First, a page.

20 Then charged he his disciples, that they should tell no man that he was Jesus the Christ.

' Then charged,' &c. That is, he then commanded them. Mark, viii. 30, and Luke, ix. 21, says that he strictly or severely charged them. He laid emphasis on it, as a matter of much importance. The reason of this seems to be, that his time had not fully come ; he was not willing to rouse the Jewish malice, and to endanger his life, by having it proclaimed that he was the Messiah.

21 From that time forth began Jesus to show unto his disciples, how that he must go unto Jerusalem, and suffer many things of the elders and chief priests and scribes, and be killed, and be raised again the third day.

See also Mark ix. 31-33; Luke ix. 22. From that time forth.' This is the first intimation that he gave them that he was


to die in this cruel manner. He had taken much pains to convince them that he was the Messiah; he saw by the confession of Peter that they were convinced ; and he then began to prepare their minds for the awful event that was before him. Had he declared this when he first called them, they might have been afraid to follow him. * Elders.' The men of the great council, or sanhedrim. See note, Matt. v. 7. Chief priests and scribes.' See note, Matt. iii. 7.

22 Then Peter took him, and began to rebuke him, saying, Be it far from thee, Lord : this shall not be unto thee.

Peter was strongly attached to him. He could not bear to think of his death. He expected, moreover, that he would be the triumphant Messiah. In his ardour, hé seized him by the hand and said. “Be it far from thee.' It expressed Peter's strong desire that it might not be. The word 'rebuke' here means to admonish, or to entreat earnestly, as in Luke xvii. 3. It does not mean that Peter assumed authority over Christ; but that he earnestly expressed his wish that it might not be so.

23 But he turned, and said unto Peter, Get thee behind me, Satan : thou art an offence unto me: for thou savourest not the things that be of God, but those that be of men.

The word 'Satan' means literally, an adversary. It is applied to the devil as the opposer or adversary of man. Chrisi meant to say that this interference was improper-that Peter's views and feelings stood in the way of the accomplishment of his designs. “Thou art an offence. That is a stumbling-block. Your advice and wishes are in my way. If followed, they would prevent the very thing for which I came. Thou savourest not."

That is, thou thinkest not. You think that those things should not be done, which God wishes to be done. You judge of this matter as men do, and not as God, who sees it best that I should die, to promote the great interests of mankind.

24 | Then said Jesus unto his disciples, If any man will come after me, let him deny himself, and take up his cross, and follow me.

This discourse is also recorded in Mark viii. 34–38; ix. 1, and Luke ix. 23–37. 'Let him deny himself. Le: him not seek his own happiness as the supreme objeet, but be willing to renounce all, and lay down his life also, if required. "Take up his crass. See note Matt. x. 38.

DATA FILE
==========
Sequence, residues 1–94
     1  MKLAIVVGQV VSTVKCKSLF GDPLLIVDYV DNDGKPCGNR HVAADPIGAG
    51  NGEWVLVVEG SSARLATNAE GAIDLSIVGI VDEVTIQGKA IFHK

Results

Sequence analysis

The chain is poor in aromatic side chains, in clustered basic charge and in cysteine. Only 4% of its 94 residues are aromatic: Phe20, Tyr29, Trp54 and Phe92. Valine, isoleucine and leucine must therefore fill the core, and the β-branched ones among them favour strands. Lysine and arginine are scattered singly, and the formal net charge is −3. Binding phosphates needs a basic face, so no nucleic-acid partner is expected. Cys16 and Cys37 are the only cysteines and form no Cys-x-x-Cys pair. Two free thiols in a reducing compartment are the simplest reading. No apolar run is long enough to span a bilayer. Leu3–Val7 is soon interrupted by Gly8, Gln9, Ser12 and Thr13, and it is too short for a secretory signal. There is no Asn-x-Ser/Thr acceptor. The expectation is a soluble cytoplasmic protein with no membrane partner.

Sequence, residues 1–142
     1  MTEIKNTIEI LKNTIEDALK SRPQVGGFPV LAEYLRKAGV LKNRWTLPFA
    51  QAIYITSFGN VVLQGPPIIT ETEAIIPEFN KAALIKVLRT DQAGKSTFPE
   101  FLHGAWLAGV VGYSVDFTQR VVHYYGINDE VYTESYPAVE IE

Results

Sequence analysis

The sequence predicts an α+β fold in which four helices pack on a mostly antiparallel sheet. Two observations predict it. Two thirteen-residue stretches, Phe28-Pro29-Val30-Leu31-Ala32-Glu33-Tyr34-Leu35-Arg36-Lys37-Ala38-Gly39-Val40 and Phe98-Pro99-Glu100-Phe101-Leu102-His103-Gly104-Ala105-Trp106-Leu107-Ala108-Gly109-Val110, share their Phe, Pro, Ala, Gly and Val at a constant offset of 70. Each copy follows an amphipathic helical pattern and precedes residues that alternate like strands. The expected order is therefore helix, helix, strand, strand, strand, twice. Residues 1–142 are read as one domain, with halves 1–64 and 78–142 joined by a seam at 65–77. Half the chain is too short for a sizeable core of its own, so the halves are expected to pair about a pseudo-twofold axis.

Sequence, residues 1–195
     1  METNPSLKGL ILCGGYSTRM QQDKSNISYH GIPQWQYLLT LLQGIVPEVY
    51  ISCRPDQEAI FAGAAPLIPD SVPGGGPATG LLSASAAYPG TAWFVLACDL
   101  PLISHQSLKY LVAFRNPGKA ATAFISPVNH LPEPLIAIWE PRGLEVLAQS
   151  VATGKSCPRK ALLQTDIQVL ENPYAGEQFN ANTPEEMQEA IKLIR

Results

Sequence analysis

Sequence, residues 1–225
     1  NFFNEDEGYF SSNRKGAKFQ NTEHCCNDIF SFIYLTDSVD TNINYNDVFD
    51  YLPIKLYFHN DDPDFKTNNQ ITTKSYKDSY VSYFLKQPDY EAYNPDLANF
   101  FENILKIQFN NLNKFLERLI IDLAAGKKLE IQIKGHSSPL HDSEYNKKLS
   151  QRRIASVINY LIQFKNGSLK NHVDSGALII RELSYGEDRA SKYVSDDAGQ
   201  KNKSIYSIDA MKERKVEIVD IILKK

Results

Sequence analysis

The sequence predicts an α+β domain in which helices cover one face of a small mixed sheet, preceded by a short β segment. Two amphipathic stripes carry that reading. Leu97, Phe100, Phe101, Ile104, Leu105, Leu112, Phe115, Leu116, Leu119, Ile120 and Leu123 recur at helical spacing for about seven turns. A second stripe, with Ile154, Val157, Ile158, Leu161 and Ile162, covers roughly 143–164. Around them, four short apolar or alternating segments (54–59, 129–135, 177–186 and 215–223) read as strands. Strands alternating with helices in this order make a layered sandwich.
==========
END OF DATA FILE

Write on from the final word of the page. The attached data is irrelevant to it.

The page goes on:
25 For whosoever will save his life shall lose it : and whosoever will lose his life for my sake shall find it.

'Whosoever will save his life, &c. See note, Matt. x. 39.

26 For what is a man profited, if he shall gain the whole world, and lose his own soul ? or what shall a man give in exchange for his soul ?

To gain the whole world means to possess it as our own,-all its riches, honours, and pleasures. Those who are striving to gain the world, and are unwilling to give it up for the sake of religion, will lose their souls. If the soul is lost, nothing can be given in exchange for it, or it can never afterwards be saved. There is no redemption in hell.

27 For the Son of man shall come in the glory of his Father with his angels; and then he shall reward every man according to his works.

'For the Son of man,' &c. That is, the Lord Jesus Christ shall return to judge the world. “Reward.' He will deal with them according to their characters. This fact, that he will come to judgment, Christ gives as a reason why we should be willing to deny ourselves and follow him. Even though now it should be attended with contempt and suffering, yet then he will reward his followers for all their shame and sorrows, and receive them to his kingdom. He adds, Mark viii. 38, that if we are ashamed of him here, he will be ashamed of us there. That is, if we reject and disown him here, he will reject and disown us there.

28 Verily I say unto you, There be some standing here, which shall not taste of death, till they see the Son of man coming in his kingdom.

“Taste of death.' That is, die. See John viii. 51–53. Before they die they shall see this. Son of man coming in his kingdom.' Mark and Luke have explained this, Mark ix. 1: ‘Until they have seen the kingdom of God come with power.' Luke ix. 27; 'Till they see the kingdom of God.'. The meaning is, till they should see Christ's kingdom, that is, his church, now small, feeble, and despised, greatly enlarged, established, and spreading with great rapidity and extent. All this was accomplished. All these apostles, except Judas, lived to see the wonders of the day of Pentecost; some of them, John particularly, saw the gospel established in a large part of the known world. It will not be long before he will come. At any rate, it will not be long before we shall meet him. Death is near. And then we must stand before him, and give an account of the deeds done in the body.

CHAPTER XVII. 1 AND after six days Jesus taketh Peter, and James, and John his brother, and bringeth them up into a bigh mountain apart,